I am in the process of wiring up the RGB pads located on the bottom of the surface mount version of the particle photon. Here is an image for reference:
I am under the impression that this is used to drive a RGB led elsewhere (on a box enclosure for example).
From looking at the recommended wiring schematic, I am assuming that the Photon is switching a ground to control the LEDs (PWM), can anyone verify this?
In this case, I am assuming that it will only be able to drive a single RGB LED before the Photon circuit is overloaded is this correct? And if that is the case, is it feasible for me to create a “high side switch” out of a transistor and mosfet, have the photons switching ground control that switch, and run my own LED driver that can handle higher current levels? Thanks and any help is greatly appreciated!
Unless you use a current hog of an LED, I think you will be OK just wiring in parallel - with the 1K resistors there, we know that each leg of the on-board LED is only drawing something like 1-2mA, so there should be plenty of drive left on those pins from the STM32.
If you wanted to buffer it, with outboard circuitry, that is certainly quite doable. Off the top of my head I do not know if the pins used to drive the LED are open drain or push-pull. If they are push pull, you could probably use a CMOS buffer/driver rather than a discrete solution. If open drain, you may need to add a high value pull up to your external circuit.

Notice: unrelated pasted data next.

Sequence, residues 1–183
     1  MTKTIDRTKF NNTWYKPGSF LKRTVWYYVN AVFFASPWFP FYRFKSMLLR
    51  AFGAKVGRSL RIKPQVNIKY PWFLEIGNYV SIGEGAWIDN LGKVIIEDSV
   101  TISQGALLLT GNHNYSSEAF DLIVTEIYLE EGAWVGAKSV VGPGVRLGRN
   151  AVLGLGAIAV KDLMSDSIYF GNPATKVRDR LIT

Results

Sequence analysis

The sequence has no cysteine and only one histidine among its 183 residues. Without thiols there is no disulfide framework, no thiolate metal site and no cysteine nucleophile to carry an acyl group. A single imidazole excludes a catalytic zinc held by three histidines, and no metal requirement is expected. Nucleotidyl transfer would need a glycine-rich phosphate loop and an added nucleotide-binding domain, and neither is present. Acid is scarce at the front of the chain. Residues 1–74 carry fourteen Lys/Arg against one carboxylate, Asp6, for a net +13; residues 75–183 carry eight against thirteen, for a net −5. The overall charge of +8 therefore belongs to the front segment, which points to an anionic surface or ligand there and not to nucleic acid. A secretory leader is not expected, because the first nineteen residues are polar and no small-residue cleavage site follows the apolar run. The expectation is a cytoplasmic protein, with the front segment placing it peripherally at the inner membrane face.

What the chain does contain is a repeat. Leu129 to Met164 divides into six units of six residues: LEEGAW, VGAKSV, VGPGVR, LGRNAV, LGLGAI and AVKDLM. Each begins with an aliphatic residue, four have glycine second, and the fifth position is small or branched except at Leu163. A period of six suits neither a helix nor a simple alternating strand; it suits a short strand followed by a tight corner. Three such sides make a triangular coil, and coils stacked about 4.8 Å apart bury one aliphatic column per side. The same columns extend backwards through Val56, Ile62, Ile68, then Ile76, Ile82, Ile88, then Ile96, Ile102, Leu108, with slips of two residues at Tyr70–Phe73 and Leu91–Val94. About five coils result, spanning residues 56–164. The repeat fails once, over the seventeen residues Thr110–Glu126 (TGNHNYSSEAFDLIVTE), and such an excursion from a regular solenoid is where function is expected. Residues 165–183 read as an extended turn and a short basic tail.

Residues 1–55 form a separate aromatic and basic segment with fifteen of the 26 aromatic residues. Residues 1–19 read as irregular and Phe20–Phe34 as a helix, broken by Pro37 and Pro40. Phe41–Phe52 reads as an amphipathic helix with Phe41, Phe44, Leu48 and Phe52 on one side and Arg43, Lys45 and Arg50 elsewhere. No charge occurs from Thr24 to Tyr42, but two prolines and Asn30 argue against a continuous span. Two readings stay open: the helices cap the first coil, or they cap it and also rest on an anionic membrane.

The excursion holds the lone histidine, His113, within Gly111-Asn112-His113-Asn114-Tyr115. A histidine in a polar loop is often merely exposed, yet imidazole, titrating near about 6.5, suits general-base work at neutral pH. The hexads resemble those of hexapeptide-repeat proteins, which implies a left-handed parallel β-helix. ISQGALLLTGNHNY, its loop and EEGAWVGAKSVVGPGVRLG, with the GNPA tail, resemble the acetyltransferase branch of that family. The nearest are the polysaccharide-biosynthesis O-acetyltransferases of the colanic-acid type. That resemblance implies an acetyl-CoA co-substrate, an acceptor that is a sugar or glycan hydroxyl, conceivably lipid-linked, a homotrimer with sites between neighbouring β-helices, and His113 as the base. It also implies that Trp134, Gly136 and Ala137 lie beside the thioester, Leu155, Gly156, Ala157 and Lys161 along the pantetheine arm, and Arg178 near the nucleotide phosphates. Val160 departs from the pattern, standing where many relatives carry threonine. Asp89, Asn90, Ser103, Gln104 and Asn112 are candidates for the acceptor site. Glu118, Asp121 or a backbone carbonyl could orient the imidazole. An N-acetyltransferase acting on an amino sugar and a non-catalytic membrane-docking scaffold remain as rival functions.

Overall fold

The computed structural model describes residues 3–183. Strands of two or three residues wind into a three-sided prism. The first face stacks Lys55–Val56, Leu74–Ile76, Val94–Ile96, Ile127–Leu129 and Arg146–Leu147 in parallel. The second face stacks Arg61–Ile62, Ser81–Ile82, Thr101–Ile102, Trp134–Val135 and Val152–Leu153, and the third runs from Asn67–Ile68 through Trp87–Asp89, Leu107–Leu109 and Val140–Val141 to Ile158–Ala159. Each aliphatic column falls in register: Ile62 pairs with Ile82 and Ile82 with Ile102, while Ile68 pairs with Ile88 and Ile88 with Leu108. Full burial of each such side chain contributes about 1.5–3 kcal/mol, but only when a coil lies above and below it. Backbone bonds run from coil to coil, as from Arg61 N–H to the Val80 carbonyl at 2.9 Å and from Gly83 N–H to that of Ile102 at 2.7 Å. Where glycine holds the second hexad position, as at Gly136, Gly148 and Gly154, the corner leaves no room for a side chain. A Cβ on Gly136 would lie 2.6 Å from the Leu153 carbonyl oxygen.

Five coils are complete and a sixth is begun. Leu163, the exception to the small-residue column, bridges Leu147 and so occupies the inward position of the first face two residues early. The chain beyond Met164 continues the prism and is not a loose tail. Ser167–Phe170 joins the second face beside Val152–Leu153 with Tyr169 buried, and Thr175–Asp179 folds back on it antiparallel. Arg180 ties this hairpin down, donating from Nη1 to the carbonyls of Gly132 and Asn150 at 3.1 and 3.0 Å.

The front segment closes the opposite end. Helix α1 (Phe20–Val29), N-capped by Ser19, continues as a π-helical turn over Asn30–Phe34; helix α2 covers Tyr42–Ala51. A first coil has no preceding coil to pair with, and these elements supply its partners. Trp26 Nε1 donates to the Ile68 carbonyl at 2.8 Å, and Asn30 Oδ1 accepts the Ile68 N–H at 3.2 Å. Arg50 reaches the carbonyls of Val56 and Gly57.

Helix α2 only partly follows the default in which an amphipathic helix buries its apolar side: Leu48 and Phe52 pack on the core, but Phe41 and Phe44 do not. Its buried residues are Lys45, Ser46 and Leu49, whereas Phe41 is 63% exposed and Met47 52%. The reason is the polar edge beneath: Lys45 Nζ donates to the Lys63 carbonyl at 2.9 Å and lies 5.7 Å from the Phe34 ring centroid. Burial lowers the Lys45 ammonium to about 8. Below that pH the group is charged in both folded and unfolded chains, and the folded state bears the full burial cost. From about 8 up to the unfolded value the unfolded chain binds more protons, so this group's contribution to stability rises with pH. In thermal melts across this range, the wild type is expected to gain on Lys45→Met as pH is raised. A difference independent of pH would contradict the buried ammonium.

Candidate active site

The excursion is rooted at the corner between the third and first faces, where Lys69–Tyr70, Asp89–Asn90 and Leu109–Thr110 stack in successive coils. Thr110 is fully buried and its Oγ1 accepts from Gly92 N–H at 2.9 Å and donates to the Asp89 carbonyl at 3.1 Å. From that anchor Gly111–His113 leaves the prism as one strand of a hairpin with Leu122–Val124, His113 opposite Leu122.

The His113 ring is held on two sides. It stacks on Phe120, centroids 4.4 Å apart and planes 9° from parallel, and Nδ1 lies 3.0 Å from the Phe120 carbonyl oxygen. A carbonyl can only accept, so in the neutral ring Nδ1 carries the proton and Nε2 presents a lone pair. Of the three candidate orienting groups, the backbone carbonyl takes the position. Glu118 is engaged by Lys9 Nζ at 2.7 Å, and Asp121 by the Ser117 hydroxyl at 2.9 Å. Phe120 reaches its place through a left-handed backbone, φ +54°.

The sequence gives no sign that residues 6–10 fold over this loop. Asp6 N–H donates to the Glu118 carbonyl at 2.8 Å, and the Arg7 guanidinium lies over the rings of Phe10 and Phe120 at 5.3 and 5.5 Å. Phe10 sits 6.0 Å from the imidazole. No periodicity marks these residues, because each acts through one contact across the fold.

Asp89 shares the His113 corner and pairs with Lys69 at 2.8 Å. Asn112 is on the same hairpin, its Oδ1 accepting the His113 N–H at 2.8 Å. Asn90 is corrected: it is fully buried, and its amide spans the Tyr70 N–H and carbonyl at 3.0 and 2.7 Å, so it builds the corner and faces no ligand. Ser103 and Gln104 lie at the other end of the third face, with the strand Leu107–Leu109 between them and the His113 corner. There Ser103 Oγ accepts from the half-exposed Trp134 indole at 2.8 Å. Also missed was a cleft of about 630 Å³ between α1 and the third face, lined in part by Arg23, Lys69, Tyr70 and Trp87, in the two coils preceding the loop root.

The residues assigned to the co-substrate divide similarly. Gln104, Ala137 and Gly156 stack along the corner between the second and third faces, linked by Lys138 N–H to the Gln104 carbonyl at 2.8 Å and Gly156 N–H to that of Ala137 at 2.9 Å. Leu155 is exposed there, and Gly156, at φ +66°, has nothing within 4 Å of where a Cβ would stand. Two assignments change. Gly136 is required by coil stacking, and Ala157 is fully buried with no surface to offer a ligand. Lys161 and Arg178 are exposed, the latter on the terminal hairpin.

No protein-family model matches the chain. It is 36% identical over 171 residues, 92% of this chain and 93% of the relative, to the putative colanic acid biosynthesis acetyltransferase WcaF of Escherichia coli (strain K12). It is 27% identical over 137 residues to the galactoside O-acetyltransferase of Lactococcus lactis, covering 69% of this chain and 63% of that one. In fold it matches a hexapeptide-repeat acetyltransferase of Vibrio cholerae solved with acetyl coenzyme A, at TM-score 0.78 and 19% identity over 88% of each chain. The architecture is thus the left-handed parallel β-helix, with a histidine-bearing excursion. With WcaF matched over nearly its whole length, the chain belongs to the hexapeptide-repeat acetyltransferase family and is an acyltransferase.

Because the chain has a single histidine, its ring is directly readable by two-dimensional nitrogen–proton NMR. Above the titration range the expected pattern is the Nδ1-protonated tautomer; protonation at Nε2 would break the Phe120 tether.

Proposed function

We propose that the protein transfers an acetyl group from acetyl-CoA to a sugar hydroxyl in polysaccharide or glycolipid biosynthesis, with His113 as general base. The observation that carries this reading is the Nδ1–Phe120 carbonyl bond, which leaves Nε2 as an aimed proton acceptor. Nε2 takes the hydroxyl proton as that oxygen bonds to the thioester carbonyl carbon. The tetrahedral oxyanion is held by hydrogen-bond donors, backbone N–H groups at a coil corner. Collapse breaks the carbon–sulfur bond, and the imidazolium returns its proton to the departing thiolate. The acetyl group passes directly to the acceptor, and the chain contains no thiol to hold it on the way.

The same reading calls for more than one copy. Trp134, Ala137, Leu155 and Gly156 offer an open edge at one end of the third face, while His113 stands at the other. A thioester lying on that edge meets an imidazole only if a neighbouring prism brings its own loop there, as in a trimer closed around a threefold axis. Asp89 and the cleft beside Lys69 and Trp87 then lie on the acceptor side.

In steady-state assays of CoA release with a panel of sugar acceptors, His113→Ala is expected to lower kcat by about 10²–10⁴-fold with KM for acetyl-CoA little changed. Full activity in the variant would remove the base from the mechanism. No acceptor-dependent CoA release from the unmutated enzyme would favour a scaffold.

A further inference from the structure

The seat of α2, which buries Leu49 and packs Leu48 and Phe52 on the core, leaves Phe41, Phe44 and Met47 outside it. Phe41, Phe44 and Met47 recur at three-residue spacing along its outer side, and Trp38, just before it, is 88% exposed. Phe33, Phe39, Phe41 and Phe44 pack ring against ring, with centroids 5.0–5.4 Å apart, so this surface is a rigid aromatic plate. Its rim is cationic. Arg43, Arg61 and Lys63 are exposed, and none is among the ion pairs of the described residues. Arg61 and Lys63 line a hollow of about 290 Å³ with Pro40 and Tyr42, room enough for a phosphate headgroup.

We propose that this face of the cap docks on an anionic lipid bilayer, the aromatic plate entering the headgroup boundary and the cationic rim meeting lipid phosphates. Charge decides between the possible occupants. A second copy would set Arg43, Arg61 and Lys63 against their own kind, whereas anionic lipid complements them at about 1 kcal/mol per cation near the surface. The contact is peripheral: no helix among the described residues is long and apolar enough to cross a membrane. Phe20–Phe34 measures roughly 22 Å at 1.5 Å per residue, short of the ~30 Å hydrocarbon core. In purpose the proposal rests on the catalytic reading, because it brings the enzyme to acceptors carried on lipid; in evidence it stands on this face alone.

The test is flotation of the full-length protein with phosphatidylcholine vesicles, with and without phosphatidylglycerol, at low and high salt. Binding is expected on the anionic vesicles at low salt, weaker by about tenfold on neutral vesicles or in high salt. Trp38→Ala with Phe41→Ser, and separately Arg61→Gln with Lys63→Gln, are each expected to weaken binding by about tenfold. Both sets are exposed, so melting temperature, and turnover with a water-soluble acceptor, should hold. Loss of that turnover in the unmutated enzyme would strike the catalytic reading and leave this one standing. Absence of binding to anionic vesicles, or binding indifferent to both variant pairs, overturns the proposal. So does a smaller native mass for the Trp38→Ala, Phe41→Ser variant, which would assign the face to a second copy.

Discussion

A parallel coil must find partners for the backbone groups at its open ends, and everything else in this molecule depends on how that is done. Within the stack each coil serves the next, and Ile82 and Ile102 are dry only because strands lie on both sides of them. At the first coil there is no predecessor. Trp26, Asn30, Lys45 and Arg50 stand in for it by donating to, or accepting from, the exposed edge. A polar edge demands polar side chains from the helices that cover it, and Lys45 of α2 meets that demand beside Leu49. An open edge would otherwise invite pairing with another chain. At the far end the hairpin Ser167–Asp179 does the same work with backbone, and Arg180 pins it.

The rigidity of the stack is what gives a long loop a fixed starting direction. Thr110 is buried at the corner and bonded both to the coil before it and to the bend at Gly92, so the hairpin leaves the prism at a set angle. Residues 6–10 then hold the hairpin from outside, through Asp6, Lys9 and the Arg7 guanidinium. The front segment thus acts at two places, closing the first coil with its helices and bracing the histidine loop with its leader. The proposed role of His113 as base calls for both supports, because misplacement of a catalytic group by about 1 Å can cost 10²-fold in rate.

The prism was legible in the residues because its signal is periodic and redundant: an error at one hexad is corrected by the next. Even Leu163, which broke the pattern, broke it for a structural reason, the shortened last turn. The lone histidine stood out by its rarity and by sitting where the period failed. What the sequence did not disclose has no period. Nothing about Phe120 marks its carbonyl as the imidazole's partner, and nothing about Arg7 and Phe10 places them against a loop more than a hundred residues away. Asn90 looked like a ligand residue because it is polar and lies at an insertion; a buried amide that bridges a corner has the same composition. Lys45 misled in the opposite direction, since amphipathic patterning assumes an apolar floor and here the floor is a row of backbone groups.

Hi Andy, thanks for the reply!
The LED being used on the device is going to be anywhere from a hefty single RGB LED, to a RGB LED strip (less than 250mA). Because of this, I figured I would implement a LED driver of some sort so that it could be flexible on how much power it draws. I have never used a CMOS buffer/driver before, but I’m assuming it would take the place of the transistor/mosfet combo, I’ll look into it. You don’t by chance have a part number or a common part that I could google and look up for the CMOS buffer/driver?
Sure - if you’re running up to 250mA, then you’ll want something more than just a cmos buffer. You were on the right track all along. Consider using an inverter (e.g. 74HC04) to convert the -ve going pulses into +ve going pulses that can drive an N-channel fet between the LED and ground; but there’s a zillion ways to skin this cat.